More From The Atlantic
Read. “Disaster Means ‘Without a Star,’” a poem by Franny Choi.
“Human History, a front parlor / infinitely painted over with massacre, and into the fray came I, highly allergic, / quick to cry, and armed with fat fists of need.”
Watch. Blockbuster, on Netflix, is a new sitcom about an obsolete business—and a meditation on our age of precarity.
Speaking of the movie 1776, this would be a good time to see it if you’ve never had the pleasure (or to rewatch it for a bit of preelection inspiration). Adapted from the Broadway show that won the 1969 Tony Award for Best Musical—you can see shots from the original production here—the movie is a delightful if mildly ahistorical retelling of the summer when America chose independence. The songs will stay with you, along with some witty dialogue and fine dramatic moments, including the showstopping “Molasses to Rum,” in which South Carolina’s Edward Rutledge slices Adams’s New England sanctimony about slavery to pieces. (Also, make sure to pull up the original Broadway soundtrack so you can hear “Cool, Cool, Considerate Men,” a slam on conservatives that the producer Jack Warner took out of the film at the request of none other than President Richard Nixon.)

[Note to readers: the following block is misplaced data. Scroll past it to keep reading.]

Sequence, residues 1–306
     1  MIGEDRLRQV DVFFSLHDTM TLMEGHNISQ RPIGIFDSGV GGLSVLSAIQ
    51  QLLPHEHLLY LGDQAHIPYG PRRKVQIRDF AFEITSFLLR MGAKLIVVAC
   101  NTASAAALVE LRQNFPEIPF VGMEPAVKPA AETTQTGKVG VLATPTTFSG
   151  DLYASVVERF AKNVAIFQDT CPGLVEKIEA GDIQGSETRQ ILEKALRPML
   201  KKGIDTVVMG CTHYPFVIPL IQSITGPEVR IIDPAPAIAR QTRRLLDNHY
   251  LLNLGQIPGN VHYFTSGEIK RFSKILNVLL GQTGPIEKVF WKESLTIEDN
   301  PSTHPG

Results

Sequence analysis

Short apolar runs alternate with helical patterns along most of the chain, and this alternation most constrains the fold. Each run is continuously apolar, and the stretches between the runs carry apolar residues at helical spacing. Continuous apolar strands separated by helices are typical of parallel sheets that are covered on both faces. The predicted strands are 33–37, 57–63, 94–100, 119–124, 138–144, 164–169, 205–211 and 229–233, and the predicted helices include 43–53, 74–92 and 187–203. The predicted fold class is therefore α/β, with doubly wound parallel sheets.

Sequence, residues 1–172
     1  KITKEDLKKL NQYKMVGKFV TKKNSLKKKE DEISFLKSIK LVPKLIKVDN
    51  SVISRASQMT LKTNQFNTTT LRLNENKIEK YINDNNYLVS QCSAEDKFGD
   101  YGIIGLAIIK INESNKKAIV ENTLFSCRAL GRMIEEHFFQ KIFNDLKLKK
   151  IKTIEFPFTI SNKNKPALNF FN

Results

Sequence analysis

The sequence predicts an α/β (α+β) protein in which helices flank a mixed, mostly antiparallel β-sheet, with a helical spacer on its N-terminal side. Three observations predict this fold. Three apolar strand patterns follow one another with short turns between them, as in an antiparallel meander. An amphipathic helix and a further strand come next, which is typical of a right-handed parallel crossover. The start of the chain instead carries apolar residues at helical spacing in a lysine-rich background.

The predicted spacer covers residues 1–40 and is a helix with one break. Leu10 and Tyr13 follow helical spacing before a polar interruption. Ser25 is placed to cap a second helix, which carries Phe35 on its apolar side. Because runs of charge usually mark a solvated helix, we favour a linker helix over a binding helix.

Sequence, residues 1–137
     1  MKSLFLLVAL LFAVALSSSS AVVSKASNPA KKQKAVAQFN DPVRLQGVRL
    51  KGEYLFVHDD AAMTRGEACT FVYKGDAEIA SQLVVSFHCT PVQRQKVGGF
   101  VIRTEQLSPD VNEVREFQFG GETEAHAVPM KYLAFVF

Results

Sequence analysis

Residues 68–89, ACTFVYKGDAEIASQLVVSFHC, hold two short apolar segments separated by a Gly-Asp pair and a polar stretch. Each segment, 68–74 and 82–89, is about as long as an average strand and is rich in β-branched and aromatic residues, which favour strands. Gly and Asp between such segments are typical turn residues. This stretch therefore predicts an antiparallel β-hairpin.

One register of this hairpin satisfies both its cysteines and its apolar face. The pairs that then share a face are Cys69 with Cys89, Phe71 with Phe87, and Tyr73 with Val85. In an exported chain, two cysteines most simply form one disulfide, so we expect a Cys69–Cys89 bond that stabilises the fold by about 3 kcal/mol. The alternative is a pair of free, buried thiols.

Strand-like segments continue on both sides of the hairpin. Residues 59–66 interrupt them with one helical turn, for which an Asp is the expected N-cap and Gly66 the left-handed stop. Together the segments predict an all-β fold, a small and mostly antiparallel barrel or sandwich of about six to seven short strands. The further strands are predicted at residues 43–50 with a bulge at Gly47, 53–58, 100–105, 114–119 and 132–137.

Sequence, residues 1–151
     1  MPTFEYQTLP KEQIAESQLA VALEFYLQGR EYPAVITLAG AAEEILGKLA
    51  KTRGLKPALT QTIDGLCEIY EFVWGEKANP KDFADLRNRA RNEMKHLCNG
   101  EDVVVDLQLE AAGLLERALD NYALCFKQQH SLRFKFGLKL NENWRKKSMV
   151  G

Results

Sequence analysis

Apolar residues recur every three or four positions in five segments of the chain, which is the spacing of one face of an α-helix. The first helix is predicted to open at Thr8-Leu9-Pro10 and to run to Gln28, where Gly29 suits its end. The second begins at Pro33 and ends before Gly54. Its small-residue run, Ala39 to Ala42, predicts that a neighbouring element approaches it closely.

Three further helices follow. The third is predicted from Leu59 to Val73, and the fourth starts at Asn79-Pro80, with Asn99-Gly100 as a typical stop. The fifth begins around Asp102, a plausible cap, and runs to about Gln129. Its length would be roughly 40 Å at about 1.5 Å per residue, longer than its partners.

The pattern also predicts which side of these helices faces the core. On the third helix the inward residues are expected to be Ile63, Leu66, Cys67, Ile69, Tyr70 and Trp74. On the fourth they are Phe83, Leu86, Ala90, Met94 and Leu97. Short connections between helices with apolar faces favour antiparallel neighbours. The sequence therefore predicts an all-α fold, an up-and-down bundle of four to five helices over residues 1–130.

There is a new production of the play currently on Broadway, but I am too much of a curmudgeon to see it; I tend to like the original version of almost everything by nature, and the actor William Daniels will always be the voice of John Adams to me (although Paul Giamatti’s stunning performance as our second president in a 2008 HBO miniseries was a triumph). Yes, it’s Broadway and Hollywood, and it’s all very chipper and singable, but maybe a few hours of idealistic patriotism is just what we need right now.
Isabel Fattal contributed to this newsletter.